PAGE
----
Masters Golf 2019 Live: The world’s best golfers this week descend on the sport’s greatest stage, Augusta National, to contest for the green jacket.
Tiger Woods is back as a serious contender for the first time in over a decade, while Rory McIlroy looks to complete the career Grand Slam before turning 30 next month.
Londoner Matt Wallace will make his debut at Augusta, while fellow Englishman Tommy Fleetwood seeks a first major title.
Ryder Cup hero Francesco Molinari is in fine form following a first major title at the Open Championship last year, though his best finish at The Masters, a tie for 19th, came back in 2012.
Modern mansion flats in arty south
Defending champion Patrick Reed, who will return his green jacket after a year-long tour, comes back to Georgia struggling for form, with just three top-10 finishes in the 23 PGA Tour events he has played since his victory in 2018.
Standard Sport will bring you LIVE coverage throughout the four days at Augusta…
26 minutes ago
Could we see first Monday finish since 1983?
Photo: Getty Images
Set to be the best conditions of the tournament, with a light wind in the morning and an average temperature of 28˚C.
Now it gets trickier, particularly for the later starters. Showers from early afternoon to go with temperatures of 30˚C and there is a chance of thunderstorms.
Conditions for day three look slightly better with less chance of rain than day two, but again thunderstorms are possible and winds are set to pick up.
Showers likely early on and thunderstorms are forecast after 2pm. If play cannot continue they will finish on Monday, when conditions are set to be perfect.
39 minutes ago
Writing in his Evening Standard column ahead of what will be his debut Masters, Matt Wallace has admitted that Augusta is ‘so much better than I could have imagined’
Anyone can win the Masters. If you’re in the field, you have a chance.
I’ve spent the past few days tapping into the knowledge of those who have won at Augusta, from practice rounds with Sir Nick Faldo to playing the Par 3 event with Danny Willett yesterday.
When Danny won the Masters in 2016, not many people fancied him to do it but he was in the top 10 of strokes gained in approach play, so statistically he should have been among the favourites. And amid all the pressure, he pulled it off.
I chatted to Danny (right) about it and we talked again yesterday as I tried to get as much information as I can. It clearly worked as I won the Par 3 thanks to that hole in one on the eighth. The event is such a cool tradition but it’s done now and my mind’s on round one.
Being at Augusta is what you dream about. I remember trying to get tickets in the ballot with my dad, we missed out and I always thought that was my chance gone of being here in any capacity. But driving up Magnolia Lane for the first time in the rain on Sunday, I was just speechless. It was so much better than I could ever have imagined and, by Amen Corner, I was playing in pure sunshine, and this place is beautiful.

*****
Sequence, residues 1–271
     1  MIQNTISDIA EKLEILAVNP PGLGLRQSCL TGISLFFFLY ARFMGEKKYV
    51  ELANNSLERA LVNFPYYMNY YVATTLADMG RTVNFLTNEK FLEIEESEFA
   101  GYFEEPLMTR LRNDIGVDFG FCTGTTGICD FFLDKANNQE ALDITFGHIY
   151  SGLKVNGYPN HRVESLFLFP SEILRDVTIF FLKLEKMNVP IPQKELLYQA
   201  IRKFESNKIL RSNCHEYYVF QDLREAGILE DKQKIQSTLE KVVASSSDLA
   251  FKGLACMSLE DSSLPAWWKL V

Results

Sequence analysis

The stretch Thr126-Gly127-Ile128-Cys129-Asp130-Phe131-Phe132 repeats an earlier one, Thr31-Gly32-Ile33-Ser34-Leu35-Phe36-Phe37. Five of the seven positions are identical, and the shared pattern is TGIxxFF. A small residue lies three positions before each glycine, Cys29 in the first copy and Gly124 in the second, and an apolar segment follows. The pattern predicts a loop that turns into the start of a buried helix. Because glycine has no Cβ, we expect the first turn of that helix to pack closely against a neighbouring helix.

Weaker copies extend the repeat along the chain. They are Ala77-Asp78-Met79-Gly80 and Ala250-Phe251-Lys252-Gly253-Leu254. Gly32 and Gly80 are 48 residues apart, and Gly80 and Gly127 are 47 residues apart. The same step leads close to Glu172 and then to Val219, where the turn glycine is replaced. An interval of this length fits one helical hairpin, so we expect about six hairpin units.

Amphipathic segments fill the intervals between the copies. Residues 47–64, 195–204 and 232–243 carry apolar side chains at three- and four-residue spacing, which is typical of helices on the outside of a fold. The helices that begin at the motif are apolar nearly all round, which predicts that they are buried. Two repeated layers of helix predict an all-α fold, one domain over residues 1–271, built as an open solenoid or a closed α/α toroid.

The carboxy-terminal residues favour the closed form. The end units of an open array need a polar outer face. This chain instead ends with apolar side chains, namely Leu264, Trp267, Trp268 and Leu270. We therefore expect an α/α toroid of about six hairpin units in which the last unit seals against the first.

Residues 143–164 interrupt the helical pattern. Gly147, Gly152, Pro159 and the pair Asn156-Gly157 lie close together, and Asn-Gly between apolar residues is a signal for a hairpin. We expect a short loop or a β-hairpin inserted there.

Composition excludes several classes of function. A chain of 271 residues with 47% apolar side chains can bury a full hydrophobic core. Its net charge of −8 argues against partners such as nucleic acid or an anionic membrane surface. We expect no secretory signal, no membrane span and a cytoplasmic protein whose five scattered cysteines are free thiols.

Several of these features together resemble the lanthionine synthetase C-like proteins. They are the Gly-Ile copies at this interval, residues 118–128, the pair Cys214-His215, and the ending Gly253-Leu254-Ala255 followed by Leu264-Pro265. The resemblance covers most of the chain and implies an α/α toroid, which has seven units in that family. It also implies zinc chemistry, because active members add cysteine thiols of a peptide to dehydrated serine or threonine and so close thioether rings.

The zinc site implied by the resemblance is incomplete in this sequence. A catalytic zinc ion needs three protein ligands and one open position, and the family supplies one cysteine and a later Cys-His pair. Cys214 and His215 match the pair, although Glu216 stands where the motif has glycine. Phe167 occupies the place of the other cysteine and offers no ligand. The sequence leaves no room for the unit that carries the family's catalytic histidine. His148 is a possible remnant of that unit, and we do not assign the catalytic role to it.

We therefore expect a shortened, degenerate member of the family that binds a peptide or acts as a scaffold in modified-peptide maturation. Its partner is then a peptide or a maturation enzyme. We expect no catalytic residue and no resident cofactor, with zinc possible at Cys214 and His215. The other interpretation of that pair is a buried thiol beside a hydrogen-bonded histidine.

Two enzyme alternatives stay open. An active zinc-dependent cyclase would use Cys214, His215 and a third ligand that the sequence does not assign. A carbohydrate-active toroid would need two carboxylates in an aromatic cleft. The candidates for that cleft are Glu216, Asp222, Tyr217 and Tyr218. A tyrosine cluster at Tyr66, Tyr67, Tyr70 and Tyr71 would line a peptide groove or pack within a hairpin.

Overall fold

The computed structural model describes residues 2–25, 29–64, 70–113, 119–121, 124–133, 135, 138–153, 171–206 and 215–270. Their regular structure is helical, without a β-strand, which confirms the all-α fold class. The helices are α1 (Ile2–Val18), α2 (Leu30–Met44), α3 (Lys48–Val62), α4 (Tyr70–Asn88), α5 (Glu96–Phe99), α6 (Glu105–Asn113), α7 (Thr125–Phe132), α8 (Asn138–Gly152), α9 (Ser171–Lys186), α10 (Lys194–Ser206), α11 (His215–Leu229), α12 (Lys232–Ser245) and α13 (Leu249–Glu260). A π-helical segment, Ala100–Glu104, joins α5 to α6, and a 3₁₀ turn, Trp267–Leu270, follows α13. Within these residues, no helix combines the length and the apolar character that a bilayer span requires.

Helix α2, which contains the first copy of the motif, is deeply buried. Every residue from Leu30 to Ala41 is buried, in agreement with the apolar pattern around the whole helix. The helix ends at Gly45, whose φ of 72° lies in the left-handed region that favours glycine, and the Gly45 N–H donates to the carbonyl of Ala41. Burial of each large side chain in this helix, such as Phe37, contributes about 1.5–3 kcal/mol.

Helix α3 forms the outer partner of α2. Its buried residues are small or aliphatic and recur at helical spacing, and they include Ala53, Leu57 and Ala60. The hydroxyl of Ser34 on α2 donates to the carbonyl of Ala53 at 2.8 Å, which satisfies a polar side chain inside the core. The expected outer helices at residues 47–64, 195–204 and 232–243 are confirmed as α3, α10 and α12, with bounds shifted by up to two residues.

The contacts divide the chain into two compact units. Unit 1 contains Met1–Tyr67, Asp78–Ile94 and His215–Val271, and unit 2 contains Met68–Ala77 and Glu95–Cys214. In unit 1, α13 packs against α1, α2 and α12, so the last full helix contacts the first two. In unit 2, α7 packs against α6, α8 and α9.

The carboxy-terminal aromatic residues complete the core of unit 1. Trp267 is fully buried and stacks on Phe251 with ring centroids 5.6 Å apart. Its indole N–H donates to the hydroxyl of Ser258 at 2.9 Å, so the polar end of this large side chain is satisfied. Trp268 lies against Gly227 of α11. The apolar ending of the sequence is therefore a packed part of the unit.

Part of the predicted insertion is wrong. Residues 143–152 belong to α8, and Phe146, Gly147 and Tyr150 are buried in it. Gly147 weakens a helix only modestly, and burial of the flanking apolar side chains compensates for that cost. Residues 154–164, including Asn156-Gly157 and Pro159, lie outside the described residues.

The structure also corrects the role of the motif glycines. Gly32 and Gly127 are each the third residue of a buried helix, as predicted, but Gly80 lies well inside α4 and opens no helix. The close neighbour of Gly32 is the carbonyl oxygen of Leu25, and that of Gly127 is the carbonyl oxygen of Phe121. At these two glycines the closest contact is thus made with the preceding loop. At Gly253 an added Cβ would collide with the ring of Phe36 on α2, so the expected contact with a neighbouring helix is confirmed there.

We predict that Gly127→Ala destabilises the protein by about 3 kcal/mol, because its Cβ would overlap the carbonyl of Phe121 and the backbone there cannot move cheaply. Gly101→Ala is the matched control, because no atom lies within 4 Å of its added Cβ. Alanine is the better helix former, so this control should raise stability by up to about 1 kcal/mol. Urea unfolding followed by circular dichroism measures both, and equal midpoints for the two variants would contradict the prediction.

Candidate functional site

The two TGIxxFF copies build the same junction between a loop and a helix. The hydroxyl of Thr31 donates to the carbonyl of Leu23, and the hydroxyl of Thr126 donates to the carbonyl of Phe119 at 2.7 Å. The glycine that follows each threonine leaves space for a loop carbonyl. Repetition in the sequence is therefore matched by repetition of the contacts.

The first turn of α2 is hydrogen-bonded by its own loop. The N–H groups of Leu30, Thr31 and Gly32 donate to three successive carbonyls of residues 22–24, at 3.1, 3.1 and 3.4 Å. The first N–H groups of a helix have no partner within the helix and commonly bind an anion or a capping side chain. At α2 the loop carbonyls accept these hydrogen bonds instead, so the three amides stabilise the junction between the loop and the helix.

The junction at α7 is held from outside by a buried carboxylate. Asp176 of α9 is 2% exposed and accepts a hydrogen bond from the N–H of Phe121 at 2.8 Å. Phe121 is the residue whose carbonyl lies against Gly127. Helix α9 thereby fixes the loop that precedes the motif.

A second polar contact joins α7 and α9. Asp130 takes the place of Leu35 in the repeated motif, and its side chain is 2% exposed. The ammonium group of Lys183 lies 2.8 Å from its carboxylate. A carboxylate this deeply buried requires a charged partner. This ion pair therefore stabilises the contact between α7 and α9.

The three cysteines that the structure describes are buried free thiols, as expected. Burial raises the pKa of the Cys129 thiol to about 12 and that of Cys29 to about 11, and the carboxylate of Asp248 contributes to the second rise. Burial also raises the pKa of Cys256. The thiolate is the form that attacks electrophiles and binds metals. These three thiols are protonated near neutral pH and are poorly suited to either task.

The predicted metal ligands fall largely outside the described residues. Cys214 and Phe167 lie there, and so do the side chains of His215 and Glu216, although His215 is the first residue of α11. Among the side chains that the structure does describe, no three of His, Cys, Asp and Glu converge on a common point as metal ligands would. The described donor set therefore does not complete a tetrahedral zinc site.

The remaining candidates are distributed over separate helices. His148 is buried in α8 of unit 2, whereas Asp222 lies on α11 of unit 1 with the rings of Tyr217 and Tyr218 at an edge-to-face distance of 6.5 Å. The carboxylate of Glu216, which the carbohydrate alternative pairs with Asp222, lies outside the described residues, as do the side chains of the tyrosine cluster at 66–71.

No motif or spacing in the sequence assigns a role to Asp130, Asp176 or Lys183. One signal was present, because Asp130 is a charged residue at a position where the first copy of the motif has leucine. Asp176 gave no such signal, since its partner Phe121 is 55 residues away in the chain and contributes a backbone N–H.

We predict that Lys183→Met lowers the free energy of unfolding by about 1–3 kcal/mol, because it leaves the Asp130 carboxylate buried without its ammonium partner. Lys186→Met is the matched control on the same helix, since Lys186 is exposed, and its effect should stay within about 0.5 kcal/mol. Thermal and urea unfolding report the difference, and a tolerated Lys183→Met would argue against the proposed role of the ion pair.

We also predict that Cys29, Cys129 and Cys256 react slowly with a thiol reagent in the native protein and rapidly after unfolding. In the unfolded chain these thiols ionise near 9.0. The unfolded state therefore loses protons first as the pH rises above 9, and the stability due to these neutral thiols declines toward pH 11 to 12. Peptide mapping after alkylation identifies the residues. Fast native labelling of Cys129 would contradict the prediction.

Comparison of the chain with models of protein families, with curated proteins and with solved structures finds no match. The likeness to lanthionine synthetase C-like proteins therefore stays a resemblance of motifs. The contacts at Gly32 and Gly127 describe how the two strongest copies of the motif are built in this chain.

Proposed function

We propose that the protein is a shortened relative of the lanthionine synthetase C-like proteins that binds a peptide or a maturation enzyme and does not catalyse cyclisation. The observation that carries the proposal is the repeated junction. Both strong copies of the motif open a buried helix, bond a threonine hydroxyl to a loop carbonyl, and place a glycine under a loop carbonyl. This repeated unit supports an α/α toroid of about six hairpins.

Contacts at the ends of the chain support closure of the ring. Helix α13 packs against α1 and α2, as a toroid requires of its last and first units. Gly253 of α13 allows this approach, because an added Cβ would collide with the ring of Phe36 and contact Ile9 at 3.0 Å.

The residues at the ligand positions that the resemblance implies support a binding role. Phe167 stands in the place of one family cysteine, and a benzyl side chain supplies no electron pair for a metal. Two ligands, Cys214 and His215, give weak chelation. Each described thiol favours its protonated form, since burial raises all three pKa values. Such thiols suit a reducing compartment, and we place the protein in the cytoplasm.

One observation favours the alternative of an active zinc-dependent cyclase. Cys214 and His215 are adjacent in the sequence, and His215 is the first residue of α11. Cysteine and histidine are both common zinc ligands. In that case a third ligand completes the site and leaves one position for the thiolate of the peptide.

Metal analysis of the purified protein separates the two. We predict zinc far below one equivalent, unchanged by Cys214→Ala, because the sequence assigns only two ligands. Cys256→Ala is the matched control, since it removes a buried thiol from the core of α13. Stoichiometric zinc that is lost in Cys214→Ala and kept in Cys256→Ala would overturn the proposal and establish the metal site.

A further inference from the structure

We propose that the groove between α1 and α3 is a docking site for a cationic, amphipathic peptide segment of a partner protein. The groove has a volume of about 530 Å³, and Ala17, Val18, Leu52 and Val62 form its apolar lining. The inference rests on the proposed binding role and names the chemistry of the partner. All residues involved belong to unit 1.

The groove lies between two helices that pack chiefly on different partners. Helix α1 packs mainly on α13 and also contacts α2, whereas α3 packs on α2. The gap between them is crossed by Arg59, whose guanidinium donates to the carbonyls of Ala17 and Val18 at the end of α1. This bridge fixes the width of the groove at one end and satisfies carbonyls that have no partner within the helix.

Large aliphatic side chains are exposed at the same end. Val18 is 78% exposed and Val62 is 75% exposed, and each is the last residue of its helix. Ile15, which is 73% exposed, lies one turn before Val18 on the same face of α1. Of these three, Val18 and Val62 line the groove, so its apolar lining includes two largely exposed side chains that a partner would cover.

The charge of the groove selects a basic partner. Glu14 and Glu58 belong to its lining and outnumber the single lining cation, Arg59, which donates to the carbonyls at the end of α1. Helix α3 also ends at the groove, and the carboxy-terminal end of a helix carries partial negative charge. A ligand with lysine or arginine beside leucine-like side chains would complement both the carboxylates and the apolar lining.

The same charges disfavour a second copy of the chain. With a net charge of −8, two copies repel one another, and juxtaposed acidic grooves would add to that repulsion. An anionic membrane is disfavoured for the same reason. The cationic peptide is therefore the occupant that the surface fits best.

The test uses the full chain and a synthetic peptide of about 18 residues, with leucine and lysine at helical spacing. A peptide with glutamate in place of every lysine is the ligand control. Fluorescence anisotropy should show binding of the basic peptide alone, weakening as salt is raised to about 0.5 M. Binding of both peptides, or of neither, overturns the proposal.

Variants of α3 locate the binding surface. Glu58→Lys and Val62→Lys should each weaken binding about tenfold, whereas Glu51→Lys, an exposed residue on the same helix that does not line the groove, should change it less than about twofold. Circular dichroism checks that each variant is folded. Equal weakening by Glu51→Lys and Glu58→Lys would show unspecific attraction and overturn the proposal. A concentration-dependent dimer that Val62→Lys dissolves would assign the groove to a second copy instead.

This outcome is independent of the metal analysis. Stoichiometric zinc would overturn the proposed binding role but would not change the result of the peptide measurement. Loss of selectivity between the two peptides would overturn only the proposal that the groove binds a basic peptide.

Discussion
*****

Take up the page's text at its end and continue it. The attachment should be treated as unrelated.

It’s crazy for me. I’m just Matt Wallace from Pinner and here I am, and the mad thing is that I deserve to be here.
I’m 36th in the world, I’m here by right, and I believe I have as good a chance as anyone. Even in practice, I struggle not to play with huge intensity, which is why Sunday’s round with Sir Nick was so important.
I went out just with the idea of enjoying a round of golf, simply to soak up the atmosphere. So many things he said have stuck with me, perhaps most of all when he spoke about playing with Tiger Woods in 1997 when Tiger won. They played together and he honestly said he didn’t watch Tiger play once until a chip on the 12th. What followed was then over a decade of the Tiger show.
But you have to think that whoever you play with, however big the name, they don’t care about me so I can’t care about them. As bad as it might sound, that’s the reality.
As for tackling the course, approach play is so key that the first port of call is to get the ball in the middle of the fairway, and that suits my game. Drive the ball well and you have chances to hit the positions you want to.
Similarly, I know it’s possible to reel it back if you have a bad start here. In India — where I won at the start of last year — I was three over after eight holes but I managed to finish three under for the round.
My caddie, Dave McNeilly, said that India is the closest course to the Masters that he’s been to so I draw a lot from that.The key is to feel relaxed and I’ve got my team with me and my girlfriend, Chelsie, who caddied for me in the Par 3 event.
People know I love my food and wine, and my manager Chubby Chandler has a big house this week so he’s been inviting a few people over for dinner. It’s been a good chance to see some familiar faces and some new ones as well, and to have fun and switch off from the golf. On the course, I feel good. I’ve had a four-week spell of some decent golf with a few little changes to my swing. I got myself into contention at Bay Hill but maybe it’s a good job I didn’t win there. This is the one I want to win, growing up it was always the Green Jacket and The Open.
At Bay Hill, I put myself in a position to win against the best players in the world. It didn’t quite come off but it has given me confidence.
What would be enough here? If I play well, honestly, I’ll be happy.
The past few days have been hard work but I’m excited on the eve of the battle. It’s going to be fun.